Firenze

As the capital city of Tuscany, Florence was the center of medieval European trade and finance and is generally considered the birthplace of the Renaissance. Many of the world’s towering artistic giants walked Florentine streets and the city remains a magnet for art lovers the world over. The names are legendary…Michaelangelo, Leonardo, Dante, Lorenzo di Medici, Botticelli, and Filippo Brunelleschi.

Duomo

Duomo

In 1418, Brunelleschi was commissioned to design and construct the dome (Duomo) of the unfinished Gothic Cathedral of Florence. The dome is actually two domes on top of one another entirely constructed from brick. Even today, the actual method of construction is a mystery and several noted Italian architects are constructing a small-scale version of the dome in an attempt to replicate the methods used in the 15th century.

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Neptune and the Palazzo Vecchio

The Fountain of Neptune is situated on the Piazza della Signoria in front of the Palazzo Vecchio and was commissioned in 1565 to celebrate the wedding of Francesco de’Medici to Johanna of Austria. It is the work of the sculptor Bartolomeo Ammannati.

The Palazzo Vecchio was the 16th century home of the Medici clan and is now the Florence town hall.

Nuns Noodling Neptune

Nuns Noodling Neptune

How often do you see a group of Nuns staring at a naked man?  Only in Italy!

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Rape of the Sabine Women

The main Piazza in Florence is the unrivaled showplace for some of the finest sculptures ever chiseled out of marble. These nonplussed peopled are sitting beneath Giambologna’s Rape of the Sabine Women which was commissioned by the Medicis and carved out of a single block of marble in 1583. No other place in the world contains such a breathtaking array of original work by legendary artists and provides such a degree of free public accessibility.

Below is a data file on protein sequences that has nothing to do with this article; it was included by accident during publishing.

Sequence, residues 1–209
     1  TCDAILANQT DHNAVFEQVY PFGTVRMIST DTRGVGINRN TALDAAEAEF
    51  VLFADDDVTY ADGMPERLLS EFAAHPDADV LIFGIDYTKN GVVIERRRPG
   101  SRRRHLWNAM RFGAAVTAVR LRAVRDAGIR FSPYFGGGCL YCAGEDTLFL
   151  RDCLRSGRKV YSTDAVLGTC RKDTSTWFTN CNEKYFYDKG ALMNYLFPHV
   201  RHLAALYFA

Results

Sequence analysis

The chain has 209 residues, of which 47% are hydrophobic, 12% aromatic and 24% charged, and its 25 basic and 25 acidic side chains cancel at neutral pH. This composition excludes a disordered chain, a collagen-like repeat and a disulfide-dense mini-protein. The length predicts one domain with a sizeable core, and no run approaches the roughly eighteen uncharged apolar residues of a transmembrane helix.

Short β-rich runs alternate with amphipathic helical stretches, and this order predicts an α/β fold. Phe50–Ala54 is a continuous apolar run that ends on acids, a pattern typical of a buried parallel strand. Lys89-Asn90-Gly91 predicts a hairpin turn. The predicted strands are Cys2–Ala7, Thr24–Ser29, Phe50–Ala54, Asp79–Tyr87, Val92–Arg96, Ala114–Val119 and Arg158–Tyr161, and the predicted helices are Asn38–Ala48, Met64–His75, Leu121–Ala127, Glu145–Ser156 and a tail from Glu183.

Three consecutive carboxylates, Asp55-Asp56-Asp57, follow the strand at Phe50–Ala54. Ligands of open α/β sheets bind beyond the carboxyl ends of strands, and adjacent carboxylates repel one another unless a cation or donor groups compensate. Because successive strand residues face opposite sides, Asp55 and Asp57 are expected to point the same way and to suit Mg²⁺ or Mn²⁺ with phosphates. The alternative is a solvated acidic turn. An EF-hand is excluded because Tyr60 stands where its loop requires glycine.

Entrance to Palazzo Vecchio

Entrance to Palazzo Vecchio

The Rennaissance blossomed in Florence partly as a result of the Medici’s love and funding of public art which began to celebrate the human form. In the image above you can see a replica of Michaelangelo’s David (on the left) which marks the entrance to the Medici’s palace. The original David, which is now housed in the Accademia Museum, occupied this public space for almost two hundred years.

Contemplating a Sculpture

Contemplating a Sculpture

This young girl wandered off from her family to check out Pio Fedi’s Rape of Polyxena

Bored

Bored

She soon wandered back to her family and showed her complete boredom with public art.

High Fashion

High Fashion

Led perhaps, by Lorenzo the Magnificent, the Medicis made dressing up an art form during the renaissance period. Fast forward to today and many of the worlds most noted fashion designers are rooted in Florence. Starting fledgling businesses in the city, Gucci, Pucci and Ferragamo  have all built worldwide fashion empires. DSC01756 Begun in 1294 and finished in 1442, The Basilica di Santa Croce (Basilica of the Holy Cross) is situated on the Piazza di Santa Croce. It is the burial place of some of the most illustrious Italians, such as Michelangelo, Galileo, Machiavelli, Foscolo, Gentile and Rossini, thus it is known also as the Temple of the Italian Glories. (Wikopedia)

Michaelangelo's Tomb

Michaelangelo’s Tomb

Michaelangelo’s tomb is right next to Dante’s tomb (although Dante is actually interred somewhere else).

Duomo at Night

Duomo at Night

Dancing in the Street

Dancing in the Street

This vivacious little burst of energy began dancing to a radio playing in the Piazza and attracted every cell phone camera in the area.

Basilica di Santa Croce

Basilica di Santa Croce

Thank you for reading my latest blog entry. If you thought it was worthy of your time and you hadn’t already done so, please take the opportunity to subscribe by clicking the “Follow” button on the right side of the page. You will receive an email asking you to confirm your subscription. Also, you can share this blog entry on your Facebook page by clicking the share button below or you can email it to folks by clicking on the “Email” button. Frank Shrewsbury, MA

Aside | This entry was posted in Brunelleschi, Firenze, Florence, Gothic Cathedral, Italy, Italy Travel, Tuscany and tagged , , . Bookmark the permalink.

5 Responses to Firenze

  1. Graham says:

    great post!

    Like

  2. Adrienne Landry says:

    Fabulous beauty. Thank you, Frank

    Like

  3. Abi Sessions says:

    Frank, I love your posts! Your images are absolutely amazing!

    Like

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